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Formations Lesson for March 20: The Greatest in the Kingdom
John Pond, associational missionary, West Chowan Baptist Association
March 07, 2011
3 MIN READ TIME

Formations Lesson for March 20: The Greatest in the Kingdom

Formations Lesson for March 20: The Greatest in the Kingdom
John Pond, associational missionary, West Chowan Baptist Association
March 07, 2011


Focal Passage: Matthew 18:1-7

They were going the wrong way. The disciples had followed
Him from the early days to this present moment.

And now, most likely in Peter’s home with his family around
them, they are concerned with positions of greatness. Previously, Jesus had
affirmed Peter’s confession and even included him personally in paying the
temple tax. Maybe the others were not as agreeable to this apparent turn of
events, thus they needed to know “Who is the greatest in the Kingdom of
heaven?” (18:1).

Ignoring the call to self-denial and cross-bearing, they
needed affirmation about their self-defined way.

They truly were going the wrong way.

So Jesus called a young toddler (probably Peter’s young
child or a relative of his) and lovingly placed the child in their midst —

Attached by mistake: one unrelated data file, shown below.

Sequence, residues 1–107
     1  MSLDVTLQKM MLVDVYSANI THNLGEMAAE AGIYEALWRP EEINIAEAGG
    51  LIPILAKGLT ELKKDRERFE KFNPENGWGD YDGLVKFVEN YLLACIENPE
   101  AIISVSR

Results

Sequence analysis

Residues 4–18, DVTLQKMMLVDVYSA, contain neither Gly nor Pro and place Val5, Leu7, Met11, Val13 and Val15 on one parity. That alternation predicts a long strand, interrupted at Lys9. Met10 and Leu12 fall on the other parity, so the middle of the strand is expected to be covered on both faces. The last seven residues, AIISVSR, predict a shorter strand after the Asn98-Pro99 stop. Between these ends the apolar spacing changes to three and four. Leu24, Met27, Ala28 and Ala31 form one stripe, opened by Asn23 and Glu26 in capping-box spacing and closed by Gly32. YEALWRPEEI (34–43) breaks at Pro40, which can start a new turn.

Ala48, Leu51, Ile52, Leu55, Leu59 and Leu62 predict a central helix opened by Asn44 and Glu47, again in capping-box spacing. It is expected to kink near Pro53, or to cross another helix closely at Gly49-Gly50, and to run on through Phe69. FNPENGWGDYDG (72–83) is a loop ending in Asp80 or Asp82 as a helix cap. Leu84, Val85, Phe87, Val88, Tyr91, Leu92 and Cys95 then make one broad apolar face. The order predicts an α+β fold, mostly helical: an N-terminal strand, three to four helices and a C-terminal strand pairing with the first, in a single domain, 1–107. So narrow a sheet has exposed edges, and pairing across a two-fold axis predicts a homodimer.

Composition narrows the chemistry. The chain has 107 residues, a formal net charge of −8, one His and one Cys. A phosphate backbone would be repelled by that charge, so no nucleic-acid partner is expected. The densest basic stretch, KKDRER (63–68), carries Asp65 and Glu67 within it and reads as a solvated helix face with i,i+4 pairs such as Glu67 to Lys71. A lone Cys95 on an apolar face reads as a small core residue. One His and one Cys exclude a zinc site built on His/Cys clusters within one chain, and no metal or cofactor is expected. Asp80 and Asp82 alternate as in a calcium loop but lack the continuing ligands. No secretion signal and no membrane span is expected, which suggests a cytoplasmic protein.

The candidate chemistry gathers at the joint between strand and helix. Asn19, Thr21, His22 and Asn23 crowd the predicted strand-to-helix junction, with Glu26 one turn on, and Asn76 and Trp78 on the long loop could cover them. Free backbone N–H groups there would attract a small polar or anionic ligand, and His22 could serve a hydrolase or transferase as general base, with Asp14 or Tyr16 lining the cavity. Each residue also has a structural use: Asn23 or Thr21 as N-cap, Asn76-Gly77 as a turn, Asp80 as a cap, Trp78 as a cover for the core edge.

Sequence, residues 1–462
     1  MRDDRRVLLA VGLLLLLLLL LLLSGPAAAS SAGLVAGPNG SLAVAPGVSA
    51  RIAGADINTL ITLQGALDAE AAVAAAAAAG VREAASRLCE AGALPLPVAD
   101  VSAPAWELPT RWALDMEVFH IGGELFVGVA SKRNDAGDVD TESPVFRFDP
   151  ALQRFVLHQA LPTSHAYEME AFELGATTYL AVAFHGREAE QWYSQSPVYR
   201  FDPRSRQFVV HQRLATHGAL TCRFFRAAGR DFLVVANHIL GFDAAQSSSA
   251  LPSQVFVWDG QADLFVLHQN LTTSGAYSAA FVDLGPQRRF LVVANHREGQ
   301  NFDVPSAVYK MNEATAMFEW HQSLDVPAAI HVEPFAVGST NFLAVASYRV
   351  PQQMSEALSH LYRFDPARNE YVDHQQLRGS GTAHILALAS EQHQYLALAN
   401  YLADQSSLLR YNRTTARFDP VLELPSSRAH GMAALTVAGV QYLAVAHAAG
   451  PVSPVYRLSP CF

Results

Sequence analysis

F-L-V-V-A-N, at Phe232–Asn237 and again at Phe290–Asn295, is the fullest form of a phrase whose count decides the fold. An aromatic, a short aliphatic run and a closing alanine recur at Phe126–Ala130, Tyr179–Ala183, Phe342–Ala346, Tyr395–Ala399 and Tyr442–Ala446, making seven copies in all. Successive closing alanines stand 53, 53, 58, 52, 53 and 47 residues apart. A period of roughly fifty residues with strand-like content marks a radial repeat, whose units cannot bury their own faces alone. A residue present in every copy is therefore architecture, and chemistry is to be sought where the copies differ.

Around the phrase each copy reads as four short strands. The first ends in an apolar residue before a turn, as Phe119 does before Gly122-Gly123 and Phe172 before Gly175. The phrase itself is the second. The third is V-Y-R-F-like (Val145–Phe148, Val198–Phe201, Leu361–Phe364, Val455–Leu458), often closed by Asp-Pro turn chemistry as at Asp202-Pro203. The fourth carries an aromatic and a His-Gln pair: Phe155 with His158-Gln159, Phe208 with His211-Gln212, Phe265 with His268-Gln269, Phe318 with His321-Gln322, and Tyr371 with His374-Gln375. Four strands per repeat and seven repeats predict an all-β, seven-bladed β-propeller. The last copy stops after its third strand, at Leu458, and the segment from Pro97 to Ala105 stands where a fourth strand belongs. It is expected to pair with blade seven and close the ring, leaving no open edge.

“Except you turn (You’re heading in the wrong direction with your selfish
ambition) and become like children, you otherwise not get into the kingdom of
heaven at all, let alone have big places in it!” (A.T. Robertson). F.F. Bruce
has suggested that Jesus’ “tone at this time is markedly severe, as much as
when He denounces the Pharisaism in the bud He had to deal with.” Pointing to
the little child by His side Jesus stuns the disciples with the reality that
true greatness comes from humbling oneself; i.e., to literally make oneself
low. This statement is a powerful blow to any who would exalt themselves to the
point of imagining that God would be pleased with them for their individual
goodness. Bruce writes that to humble oneself is “the most difficult thing in
the world for saint or for sinner.”

Further, not only must one humble his or herself, but they
must be humble enough to receive others as children. Later the Apostle Paul
will make much of how we must regard that individual who may be the weaker
brother or sister.

He will stress in his letters and actions how we should
treat not only those within the community of faith, but also those outside that
are truly the weaker one (cf. Acts 17:16ff; 1 Cor. 11; Rom. 13, etc.). We must
not be a stumbling stone to anyone.

The story is told of a man who was an alcoholic. One cold
winter evening he snuck out of the house to go to the local pub for drinks with
his buddies. He had not walked too far when he suddenly heard the soft
crunching sound in the deep snow behind him. When he turned around he saw his
five-year old son a few yards behind him. When he asked his son what he was
doing, the small child replied, “I’m trying to walk in your footsteps, Daddy.”
With those words this dad turned around and never drank again.

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